Fred Cook, director of the Center for Public Relations, presents the 2019 Relevance Report.
Photo by: Matthew Lin

USC Annenberg research shows use of branded content is growing and may be causing consumer confusion

Study is featured in the 2019 Relevance Report available for download Nov. 1.

The use of branded content — paid stories in print, broadcast and online media — is on the rise in the public relations industry, according to a study conducted by the USC Annenberg Center for Public Relations. The details of the study are featured in one of 35 essays about trends in the public relations industry published in the 2019 Relevance Report, a free publication available for download beginning Nov. 1 here.

The center’s annual Relevance Report is a collection of essays from professionals and academics that identify emerging issues, examine current strategies and forecast future trends. Contributions in the 2019 collection include thought pieces on healthcare technology, retailing, brands, inclusion and diversity, and the future of business communication. 

The essay “What Is Branded Content and Is It Ethical?” is based on a 2018 survey of communications professionals that showed the prevalence of the practice in the PR industry, with 74.5 percent of respondents stating they use some branded content in their campaigns. More than 80 percent perceive it as a somewhat or very effective PR strategy, and two-thirds of the respondents expect increases in budgets for branded content in the next 12 months.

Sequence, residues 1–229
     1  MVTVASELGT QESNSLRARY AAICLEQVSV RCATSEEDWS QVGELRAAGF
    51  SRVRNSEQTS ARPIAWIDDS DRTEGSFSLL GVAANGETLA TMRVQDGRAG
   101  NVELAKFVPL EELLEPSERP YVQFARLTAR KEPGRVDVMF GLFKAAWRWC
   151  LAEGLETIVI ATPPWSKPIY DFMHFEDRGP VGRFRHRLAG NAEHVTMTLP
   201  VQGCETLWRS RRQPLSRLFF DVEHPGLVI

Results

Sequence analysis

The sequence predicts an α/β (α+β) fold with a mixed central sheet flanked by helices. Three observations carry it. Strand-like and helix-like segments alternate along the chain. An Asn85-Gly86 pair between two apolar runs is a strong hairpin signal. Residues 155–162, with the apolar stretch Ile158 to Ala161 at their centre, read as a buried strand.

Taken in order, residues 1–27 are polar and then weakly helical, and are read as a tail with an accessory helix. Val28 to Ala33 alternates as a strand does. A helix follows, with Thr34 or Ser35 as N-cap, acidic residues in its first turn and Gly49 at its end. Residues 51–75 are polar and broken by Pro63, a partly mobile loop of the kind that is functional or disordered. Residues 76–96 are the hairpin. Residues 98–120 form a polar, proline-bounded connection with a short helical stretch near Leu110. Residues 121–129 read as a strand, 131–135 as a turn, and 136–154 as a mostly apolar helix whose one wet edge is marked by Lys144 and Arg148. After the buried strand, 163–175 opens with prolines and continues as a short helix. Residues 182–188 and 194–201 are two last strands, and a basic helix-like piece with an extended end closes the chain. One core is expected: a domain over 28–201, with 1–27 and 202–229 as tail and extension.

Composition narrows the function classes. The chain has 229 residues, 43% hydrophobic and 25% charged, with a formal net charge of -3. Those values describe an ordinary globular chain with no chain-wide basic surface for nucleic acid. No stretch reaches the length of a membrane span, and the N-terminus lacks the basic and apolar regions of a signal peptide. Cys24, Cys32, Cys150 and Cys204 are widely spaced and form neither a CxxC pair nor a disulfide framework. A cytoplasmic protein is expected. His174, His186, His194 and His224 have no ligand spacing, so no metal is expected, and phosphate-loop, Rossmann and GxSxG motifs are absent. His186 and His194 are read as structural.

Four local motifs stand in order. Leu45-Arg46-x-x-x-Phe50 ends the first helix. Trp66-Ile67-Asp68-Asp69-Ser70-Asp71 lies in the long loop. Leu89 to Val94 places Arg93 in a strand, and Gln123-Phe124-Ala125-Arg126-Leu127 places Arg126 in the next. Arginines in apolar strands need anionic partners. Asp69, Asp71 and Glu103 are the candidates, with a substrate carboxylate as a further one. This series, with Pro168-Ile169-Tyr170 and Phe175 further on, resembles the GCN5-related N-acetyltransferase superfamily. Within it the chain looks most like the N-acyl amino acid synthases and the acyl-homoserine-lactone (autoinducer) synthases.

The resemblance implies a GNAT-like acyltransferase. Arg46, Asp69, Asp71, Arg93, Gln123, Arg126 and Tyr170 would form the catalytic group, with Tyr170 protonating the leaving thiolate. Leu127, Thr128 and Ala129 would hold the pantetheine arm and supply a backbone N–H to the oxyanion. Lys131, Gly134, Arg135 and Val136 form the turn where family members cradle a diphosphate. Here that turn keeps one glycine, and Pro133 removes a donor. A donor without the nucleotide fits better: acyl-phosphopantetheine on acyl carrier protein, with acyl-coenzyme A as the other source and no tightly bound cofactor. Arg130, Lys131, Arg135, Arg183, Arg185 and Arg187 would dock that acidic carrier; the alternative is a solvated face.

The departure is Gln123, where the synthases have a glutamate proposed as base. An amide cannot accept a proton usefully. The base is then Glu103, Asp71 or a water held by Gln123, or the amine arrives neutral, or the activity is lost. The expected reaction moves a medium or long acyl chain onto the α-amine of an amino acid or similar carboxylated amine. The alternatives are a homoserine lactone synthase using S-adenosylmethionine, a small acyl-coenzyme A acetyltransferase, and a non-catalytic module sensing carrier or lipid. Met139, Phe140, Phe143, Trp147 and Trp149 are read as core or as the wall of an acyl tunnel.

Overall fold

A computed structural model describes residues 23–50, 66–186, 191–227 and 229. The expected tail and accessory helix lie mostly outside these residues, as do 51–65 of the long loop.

Although the FTC provides guidelines for native advertising, there is not a standard definition of branded content for the public relations industry to follow. As a result, this practice is largely unregulated and could possibly be deceptive or misleading to consumers. Almost half (48.5 percent) of PR professionals think it is somewhat or very difficult for consumers to distinguish between branded content and editorial content, but only 14.8 percent have ethical concerns regarding the use of branded content by the industry. 

“Because of evolving media revenue models, branded content has climbed over the wall that typically separated advertising and editorial,” said Fred Cook, director of the Center for Public Relations. “This blurring effect may create an ethical issue when consumers are unable to distinguish between earned and paid content.” 

The branded content study led by recent USC Annenberg graduate Taryn Maister surveyed 220 PR professionals working for public relations or communications agencies, private companies, nonprofits and consultancies. The full research findings are published in the 2019 Relevance Report

Academics interested in obtaining print copies of the 2019 Relevance Report for journalism classes and groups can contact with requests. For more information, please visit their page here.

About the USC Center for Public Relations 

Based at the USC Annenberg School for Communication and Journalism, the mission of the USC Center for Public Relations (CPR) is to connect corporations, agencies, academics and students to define the future of our industry and to develop those who will shape it. Signature initiatives include the Global Communications Report, USC Annenberg’s Kenneth Owler Smith Symposium, and the Relevance Report. Follow CPR on social media: @Center4PR and #PRFUTURE.